Can you describe the other reasons? I alluded to a lack of personnel and other such problems. Can you talk to the committee about other reasons for which an inmate might have to be relocated like that?
    Normally it's for the security of the penitentiary or other people.
    It says “for security or other reasons”. I understand the security aspect, but I'm wondering about the other reasons.


     That was discussed earlier. There are some inmates who voluntarily wish to go into administrative segregation who may not pose a serious security risk, and it could happen with regard to the SIUs as well.
    Thank you, Mr. Dubé.
    Madam Sahota, you have seven minutes.
    Earlier this year, the Parliamentary Budget Officer tabled a report looking at costs of inmates. What came to my attention was that the cost for those who were in segregation was extremely high compared with the cost for all other types of inmates. Minimum and medium security were about $130 to $230 a day, depending on the type of facility, but segregation was costing over $1,000 a day—about $1,269 is what they estimated.
    Why is there such a difference in the costs? Is this the new implementation of the SIUs that we've been hearing a lot about, the resources that are going to be needed for this? Would there be savings in other areas that might be recouped from this program?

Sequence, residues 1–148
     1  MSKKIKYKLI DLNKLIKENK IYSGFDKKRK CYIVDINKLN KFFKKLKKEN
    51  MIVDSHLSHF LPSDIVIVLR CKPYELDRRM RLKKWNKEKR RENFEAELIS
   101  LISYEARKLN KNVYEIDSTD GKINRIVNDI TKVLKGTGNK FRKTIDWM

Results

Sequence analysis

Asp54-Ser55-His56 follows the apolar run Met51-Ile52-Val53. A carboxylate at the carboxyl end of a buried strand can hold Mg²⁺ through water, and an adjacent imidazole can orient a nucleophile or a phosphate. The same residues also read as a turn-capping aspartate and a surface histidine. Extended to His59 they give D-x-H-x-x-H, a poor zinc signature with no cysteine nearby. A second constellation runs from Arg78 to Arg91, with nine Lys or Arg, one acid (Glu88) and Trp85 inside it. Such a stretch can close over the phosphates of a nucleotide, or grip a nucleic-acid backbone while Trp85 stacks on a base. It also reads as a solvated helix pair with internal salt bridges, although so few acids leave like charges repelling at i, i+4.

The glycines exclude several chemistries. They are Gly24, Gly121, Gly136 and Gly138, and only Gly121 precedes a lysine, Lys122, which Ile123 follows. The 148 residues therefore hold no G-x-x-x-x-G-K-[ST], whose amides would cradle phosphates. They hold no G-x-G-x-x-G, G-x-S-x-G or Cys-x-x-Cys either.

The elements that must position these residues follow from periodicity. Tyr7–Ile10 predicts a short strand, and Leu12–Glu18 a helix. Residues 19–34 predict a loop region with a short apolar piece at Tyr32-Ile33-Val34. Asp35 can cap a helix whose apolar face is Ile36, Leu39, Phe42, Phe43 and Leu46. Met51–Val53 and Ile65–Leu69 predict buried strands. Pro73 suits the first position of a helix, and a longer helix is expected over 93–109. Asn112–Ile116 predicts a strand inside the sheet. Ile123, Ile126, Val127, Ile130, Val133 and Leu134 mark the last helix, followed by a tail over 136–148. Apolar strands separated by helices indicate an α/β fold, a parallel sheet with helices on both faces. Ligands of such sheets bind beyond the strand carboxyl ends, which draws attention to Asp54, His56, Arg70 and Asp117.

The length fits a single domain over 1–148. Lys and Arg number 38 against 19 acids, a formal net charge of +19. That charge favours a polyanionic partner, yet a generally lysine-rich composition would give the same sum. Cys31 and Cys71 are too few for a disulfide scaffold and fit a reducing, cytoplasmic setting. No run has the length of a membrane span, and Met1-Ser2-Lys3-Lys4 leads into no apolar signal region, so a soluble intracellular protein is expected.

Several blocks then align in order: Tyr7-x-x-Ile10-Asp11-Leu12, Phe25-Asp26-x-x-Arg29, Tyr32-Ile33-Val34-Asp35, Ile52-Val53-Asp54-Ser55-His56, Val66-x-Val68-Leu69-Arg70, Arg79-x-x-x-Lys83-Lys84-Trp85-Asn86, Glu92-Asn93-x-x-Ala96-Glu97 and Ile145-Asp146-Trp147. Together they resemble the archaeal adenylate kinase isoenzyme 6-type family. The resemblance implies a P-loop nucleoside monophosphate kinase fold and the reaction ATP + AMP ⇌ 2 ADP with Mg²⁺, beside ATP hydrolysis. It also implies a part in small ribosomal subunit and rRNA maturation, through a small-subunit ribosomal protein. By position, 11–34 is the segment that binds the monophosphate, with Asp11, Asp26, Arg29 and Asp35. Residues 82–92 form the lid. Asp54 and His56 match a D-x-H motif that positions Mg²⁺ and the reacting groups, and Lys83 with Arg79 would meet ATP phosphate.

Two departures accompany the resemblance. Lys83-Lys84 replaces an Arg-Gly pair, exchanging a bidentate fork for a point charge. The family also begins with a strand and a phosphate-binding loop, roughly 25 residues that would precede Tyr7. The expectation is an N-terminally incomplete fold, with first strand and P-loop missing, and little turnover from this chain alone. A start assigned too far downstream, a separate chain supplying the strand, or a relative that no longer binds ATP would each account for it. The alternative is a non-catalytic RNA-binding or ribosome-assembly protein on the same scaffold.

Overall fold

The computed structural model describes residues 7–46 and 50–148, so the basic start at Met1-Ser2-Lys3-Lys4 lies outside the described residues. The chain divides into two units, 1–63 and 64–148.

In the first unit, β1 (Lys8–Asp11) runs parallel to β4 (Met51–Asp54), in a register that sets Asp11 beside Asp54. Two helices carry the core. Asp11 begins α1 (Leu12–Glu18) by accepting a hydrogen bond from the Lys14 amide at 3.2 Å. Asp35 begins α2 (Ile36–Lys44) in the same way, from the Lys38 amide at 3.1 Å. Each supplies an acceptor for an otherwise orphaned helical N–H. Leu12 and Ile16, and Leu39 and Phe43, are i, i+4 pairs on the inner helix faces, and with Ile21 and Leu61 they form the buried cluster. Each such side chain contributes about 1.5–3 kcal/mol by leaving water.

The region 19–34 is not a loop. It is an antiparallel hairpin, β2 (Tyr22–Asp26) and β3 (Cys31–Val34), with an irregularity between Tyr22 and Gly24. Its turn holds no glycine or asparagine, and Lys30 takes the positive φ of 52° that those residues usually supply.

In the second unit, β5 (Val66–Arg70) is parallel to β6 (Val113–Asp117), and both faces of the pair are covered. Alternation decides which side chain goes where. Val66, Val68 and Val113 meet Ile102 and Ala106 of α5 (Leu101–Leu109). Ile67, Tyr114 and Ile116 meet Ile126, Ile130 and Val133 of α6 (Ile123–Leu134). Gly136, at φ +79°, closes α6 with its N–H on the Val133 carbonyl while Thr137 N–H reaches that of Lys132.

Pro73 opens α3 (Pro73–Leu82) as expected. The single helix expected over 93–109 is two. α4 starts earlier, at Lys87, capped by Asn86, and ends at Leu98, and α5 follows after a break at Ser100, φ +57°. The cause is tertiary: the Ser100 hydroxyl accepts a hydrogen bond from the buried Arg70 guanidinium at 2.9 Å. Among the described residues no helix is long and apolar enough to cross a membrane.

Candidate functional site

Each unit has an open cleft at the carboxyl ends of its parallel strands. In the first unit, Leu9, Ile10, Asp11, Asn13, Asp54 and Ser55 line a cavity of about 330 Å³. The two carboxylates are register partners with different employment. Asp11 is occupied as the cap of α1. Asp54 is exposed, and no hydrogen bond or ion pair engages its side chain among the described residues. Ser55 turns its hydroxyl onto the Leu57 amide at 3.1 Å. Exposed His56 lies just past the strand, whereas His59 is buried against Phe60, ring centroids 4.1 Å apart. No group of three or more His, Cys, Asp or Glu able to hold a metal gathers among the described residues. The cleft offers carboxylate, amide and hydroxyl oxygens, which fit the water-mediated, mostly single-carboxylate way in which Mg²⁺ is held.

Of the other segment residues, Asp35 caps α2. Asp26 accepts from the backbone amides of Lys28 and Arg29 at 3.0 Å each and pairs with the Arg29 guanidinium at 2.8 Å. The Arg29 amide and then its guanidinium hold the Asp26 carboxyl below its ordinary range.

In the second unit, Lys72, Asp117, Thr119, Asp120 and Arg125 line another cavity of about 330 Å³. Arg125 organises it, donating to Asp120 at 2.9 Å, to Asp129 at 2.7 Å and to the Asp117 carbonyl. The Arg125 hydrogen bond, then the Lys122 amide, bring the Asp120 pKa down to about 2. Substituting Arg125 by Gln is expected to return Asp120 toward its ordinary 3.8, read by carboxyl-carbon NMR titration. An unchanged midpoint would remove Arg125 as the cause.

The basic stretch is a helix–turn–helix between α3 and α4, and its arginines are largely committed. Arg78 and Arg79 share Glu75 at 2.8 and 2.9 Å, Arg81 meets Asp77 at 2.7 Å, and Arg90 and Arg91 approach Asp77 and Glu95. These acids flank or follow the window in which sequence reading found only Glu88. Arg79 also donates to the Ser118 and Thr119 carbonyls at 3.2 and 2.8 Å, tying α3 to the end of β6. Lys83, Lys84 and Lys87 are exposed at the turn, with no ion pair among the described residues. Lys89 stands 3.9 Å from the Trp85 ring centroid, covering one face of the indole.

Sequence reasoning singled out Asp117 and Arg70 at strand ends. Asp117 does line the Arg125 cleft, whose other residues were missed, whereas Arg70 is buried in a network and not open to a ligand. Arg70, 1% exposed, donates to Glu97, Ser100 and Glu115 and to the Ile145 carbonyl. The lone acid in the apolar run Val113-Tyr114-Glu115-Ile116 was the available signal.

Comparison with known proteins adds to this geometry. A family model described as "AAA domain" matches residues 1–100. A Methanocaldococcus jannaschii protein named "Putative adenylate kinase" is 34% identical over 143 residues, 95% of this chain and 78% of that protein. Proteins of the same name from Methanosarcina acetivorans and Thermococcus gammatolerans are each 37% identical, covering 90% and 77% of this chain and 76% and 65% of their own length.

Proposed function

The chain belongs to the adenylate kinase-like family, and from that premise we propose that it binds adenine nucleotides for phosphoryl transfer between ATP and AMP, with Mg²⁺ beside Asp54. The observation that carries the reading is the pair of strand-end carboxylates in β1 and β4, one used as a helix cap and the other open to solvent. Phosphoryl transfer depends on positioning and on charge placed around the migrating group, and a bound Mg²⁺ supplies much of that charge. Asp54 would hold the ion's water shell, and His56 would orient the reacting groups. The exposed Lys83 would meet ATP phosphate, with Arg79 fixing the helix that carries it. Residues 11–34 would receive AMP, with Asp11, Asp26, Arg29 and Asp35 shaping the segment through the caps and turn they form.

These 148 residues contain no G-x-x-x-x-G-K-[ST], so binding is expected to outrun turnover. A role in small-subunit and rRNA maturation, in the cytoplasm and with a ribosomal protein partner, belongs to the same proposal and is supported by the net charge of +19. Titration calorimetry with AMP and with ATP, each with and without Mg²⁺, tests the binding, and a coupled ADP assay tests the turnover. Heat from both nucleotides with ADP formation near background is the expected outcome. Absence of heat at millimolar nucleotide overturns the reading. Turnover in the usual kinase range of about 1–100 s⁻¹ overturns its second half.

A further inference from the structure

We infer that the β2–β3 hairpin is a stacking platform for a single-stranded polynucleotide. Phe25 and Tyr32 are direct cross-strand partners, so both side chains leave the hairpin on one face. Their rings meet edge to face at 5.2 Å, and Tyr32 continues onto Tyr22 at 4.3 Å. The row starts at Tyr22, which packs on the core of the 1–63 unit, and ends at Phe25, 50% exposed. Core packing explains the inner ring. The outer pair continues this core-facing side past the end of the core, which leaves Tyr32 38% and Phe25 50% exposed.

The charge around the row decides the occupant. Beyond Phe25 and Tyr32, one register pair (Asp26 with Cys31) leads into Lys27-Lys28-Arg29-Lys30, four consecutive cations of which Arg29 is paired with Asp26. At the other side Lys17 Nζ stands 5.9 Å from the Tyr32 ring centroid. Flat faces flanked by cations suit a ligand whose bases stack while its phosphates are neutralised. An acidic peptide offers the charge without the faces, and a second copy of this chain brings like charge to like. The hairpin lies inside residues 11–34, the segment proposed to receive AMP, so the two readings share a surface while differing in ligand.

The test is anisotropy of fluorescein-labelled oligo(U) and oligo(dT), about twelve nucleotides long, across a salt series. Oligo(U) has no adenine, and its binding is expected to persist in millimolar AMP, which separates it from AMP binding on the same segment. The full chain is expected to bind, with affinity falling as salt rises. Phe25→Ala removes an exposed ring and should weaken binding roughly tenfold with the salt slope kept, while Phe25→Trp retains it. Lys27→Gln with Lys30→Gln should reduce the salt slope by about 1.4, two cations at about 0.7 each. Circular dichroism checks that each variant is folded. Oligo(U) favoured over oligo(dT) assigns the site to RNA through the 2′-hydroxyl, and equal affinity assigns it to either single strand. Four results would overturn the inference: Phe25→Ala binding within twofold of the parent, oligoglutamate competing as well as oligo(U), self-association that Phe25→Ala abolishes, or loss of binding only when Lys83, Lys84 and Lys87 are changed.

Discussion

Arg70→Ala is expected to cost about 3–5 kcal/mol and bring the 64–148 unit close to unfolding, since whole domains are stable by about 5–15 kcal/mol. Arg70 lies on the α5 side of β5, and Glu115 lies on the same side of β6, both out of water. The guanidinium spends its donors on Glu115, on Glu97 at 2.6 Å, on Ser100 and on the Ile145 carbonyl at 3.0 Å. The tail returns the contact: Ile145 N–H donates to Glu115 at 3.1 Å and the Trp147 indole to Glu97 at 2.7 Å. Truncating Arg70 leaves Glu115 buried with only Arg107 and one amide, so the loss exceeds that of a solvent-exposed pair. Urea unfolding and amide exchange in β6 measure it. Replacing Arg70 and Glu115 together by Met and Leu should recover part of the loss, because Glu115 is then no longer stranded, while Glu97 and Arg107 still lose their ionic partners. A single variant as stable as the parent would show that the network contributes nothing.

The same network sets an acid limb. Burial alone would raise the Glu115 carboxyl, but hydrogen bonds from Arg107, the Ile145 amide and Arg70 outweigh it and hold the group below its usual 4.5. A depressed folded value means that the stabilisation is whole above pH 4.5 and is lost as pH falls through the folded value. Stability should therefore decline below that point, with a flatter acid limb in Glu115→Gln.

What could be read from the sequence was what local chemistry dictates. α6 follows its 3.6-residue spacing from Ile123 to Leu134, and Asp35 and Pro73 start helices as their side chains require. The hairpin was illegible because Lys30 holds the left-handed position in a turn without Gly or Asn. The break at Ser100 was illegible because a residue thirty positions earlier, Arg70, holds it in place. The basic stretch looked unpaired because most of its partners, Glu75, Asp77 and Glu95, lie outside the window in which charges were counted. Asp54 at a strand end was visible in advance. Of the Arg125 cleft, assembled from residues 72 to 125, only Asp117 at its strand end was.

I can't answer that. I would have to get back to you on the cost of segregated offenders.
    You don't know why that would be higher.
    It depends on what they capture in the cost of segregated offenders. Obviously, with our segregated population, what we try to do is to reduce the numbers. Sometimes there are transfers involved, so if that's captured in the cost, it might be as a result of that. I would have to see the breakdown.
    In creating this piece of legislation, were considerations of the correctional officers and the staff who work in these facilities taken into account?
    Yes. As the minister said, with regard to those structured intervention units, there is also a need for resources. The types of resources that are going to be required are correctional officers, program and parole officers, as well as elders and health care professionals.
    From the opposition we've been hearing concern, and I'm sure it is valid concern, about the safety of the correctional officers in the facilities. Was that brought to your attention in the drafting of this legislation?
    The safety of all staff is a priority for us. With regard to the structured intervention units, again, because the offenders are going to get targeted programming and interventions, we believe that it's actually going to create safer environments. We're going to be able to get to the underlying behaviours that prompted their admissions to the structured intervention units. We also believe that, by having the programming and these interventions, offenders will be less likely to return to a structured intervention unit.